Therapeutic interventions used with children and adolescents are sometimes different from therapeutic approaches used with adults. Usually adults can engage in an open dialogue about the issues that bring them into counseling. Children and adolescents, however, may be less likely to speak openly or less directly about their issues, so counselors must consider using therapeutic techniques that are more appropriate for that developmental stage.
For this assignment, review the media program Introduction to Child and Adolescent Counseling: Getting Started. Consider the developmental stages of the child and adolescent in the media program and any concerns from a family systems theory perspective. Also, conduct an Internet search or a Walden Library search for at least one peer-reviewed journal article that presents a family systems theory and another peer-reviewed journal article that relates to the use of art therapy with children and adolescents.
The Assignment (2–3 pages):
- Identify the behaviors that the child or adolescent is demonstrating that may be a concern to the counselor in the media.
- Identify two techniques that the counselor used with the child and explain why these techniques were appropriate for the developmental stage.
- Identify two techniques that the counselor used with the adolescent and explain why these techniques were appropriate for the developmental stage.
- Explain any concerns (including any ethical issues) from a family systems theory perspective of how you might as a clinician choose an intervention as appropriate for the family.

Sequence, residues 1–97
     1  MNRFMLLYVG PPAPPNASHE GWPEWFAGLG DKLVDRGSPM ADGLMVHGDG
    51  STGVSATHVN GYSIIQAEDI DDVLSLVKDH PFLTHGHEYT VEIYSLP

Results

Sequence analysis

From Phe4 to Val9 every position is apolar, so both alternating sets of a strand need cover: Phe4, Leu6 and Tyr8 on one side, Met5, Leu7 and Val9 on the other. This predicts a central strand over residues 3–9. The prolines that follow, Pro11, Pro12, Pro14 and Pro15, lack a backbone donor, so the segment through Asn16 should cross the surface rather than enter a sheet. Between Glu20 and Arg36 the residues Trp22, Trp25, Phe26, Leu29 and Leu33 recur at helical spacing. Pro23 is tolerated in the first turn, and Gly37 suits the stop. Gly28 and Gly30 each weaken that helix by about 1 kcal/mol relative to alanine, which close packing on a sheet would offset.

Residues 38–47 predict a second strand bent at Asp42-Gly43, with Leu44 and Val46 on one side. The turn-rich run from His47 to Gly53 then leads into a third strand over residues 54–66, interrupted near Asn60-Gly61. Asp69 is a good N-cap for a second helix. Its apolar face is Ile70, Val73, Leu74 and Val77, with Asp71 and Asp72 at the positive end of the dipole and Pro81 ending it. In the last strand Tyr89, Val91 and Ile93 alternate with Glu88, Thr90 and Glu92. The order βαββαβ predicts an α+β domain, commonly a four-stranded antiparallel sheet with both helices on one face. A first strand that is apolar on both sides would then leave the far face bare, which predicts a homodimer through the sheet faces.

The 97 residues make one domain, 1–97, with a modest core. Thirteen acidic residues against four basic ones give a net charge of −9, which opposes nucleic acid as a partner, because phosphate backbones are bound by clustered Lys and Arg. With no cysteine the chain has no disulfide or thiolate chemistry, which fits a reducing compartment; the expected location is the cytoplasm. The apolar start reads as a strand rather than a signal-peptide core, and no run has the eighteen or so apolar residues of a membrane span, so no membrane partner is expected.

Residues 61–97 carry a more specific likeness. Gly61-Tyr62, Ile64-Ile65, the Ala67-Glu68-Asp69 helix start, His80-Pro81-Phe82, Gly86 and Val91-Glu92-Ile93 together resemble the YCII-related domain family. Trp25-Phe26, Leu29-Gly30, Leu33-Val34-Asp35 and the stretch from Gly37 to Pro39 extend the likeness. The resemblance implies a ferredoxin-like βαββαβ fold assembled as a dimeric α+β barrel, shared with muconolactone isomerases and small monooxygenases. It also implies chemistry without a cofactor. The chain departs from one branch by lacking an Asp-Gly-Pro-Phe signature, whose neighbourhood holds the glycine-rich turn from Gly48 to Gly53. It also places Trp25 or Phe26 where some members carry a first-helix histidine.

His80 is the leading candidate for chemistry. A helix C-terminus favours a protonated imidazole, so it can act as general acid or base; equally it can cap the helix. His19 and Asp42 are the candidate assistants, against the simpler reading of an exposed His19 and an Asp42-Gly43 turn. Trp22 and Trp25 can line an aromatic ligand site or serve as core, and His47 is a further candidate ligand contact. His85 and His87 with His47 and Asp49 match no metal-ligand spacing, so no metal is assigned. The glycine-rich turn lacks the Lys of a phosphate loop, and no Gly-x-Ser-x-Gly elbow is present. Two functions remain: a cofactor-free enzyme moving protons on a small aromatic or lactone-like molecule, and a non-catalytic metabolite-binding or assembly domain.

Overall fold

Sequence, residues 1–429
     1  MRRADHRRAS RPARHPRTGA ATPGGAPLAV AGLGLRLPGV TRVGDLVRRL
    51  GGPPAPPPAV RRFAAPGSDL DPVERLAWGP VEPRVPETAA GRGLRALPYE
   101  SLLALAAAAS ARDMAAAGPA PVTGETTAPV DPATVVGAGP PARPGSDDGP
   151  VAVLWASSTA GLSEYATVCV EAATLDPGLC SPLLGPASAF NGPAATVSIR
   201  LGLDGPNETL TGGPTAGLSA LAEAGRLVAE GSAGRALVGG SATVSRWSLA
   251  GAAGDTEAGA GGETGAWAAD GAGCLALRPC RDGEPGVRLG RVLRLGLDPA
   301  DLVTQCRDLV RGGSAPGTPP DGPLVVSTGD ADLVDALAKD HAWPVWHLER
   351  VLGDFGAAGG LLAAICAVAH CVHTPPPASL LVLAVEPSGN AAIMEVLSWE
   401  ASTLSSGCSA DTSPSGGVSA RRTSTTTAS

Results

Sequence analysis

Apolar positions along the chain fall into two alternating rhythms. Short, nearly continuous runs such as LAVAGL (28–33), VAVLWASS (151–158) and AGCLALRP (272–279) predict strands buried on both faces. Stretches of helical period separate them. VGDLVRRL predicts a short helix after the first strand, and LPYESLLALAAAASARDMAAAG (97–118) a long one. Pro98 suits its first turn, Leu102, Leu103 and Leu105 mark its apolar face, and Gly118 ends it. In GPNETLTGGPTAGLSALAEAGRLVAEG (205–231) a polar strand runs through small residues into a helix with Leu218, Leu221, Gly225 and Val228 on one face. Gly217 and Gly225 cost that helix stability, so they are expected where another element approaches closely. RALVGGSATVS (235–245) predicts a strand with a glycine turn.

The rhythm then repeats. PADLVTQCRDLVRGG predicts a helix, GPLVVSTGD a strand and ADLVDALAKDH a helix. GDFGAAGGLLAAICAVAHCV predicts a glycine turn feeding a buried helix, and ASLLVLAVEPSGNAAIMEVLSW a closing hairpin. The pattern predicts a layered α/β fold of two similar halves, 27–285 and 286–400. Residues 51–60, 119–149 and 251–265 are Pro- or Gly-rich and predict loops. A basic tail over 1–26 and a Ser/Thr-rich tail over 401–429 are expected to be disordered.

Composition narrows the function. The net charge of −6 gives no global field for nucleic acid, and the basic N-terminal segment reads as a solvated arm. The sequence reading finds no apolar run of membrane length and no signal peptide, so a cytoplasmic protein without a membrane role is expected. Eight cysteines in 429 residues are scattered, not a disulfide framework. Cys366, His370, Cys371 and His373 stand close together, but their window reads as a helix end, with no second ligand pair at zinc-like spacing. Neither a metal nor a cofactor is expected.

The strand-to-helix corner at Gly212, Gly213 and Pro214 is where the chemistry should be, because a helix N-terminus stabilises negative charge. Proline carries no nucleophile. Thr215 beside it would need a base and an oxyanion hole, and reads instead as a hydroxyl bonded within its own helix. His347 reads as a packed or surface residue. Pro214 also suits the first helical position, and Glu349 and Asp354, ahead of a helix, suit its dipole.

- Justify your explanations with evidence-based research.
Support your Assignment with specific references to all resources used in its preparation. You are asked to provide a reference list for all resources, including those in the week’s resources for this course.
Peterson, A. (2018, June 1). The overprotected American child. The Wall Street Journal. Retrieved from https://www.wsj.com/articles/the-overprotected-american-child-1527865038
Michigan State University. (2016, July 14). Dads play key role in child development. ScienceDaily. Retrieved from www.sciencedaily.com/releases/2016/07/160714110912.htm
Carr, A. (2016). Family therapy for adolescents: A research‐informed perspective. Australian and New Zealand Journal of Family Therapy, 37(4), 467-479.
Clark, C. (2013). Irreducibly human encounters: Therapeutic alliance and treatment outcome in child and adolescent psychotherapy. Journal of Infant, Child and Adolescent Psychotherapy, 12, 228-243.
Fitzpatrick, M. R., & Irannejad, S. (2008). Adolescent readiness for change and the working alliance in counseling. Journal of Counseling & Development, 86(4), 438–445.
As you review this article, focus on the practitioner–client relationship and how this type of relationship may inform your decision to work with this population.
Center for Disease Control and Prevention. (n.d.). Milestone checklists. Retrieved from https://www.cdc.gov/ncbddd/actearly/pdf/checklists/Checklists-with-Tips_Reader_508.pdf
Center on the Developing Child. (n.d.). Three core concepts in early development. Retrieved from https://developingchild.harvard.edu/resources/three-core-concepts-in-early-development/
Center on the Developing Child. (2007). The science of early childhood development (InBrief). https://developingchild.harvard.edu/resources/inbrief-science-of-ecd/
Mercer, J. (2017). Evidence of potentially harmful psychological treatments for children and adolescents. Journal of Child and Adolescent Social Work, 34(2), 107–125.
National Association of Social Workers. (2003). NASW standards for the practice of social work with adolescents. Retrieved from: https://www.socialworkers.org/LinkClick.aspx?fileticket=rUt4ybE_GW4%3D&portalid=0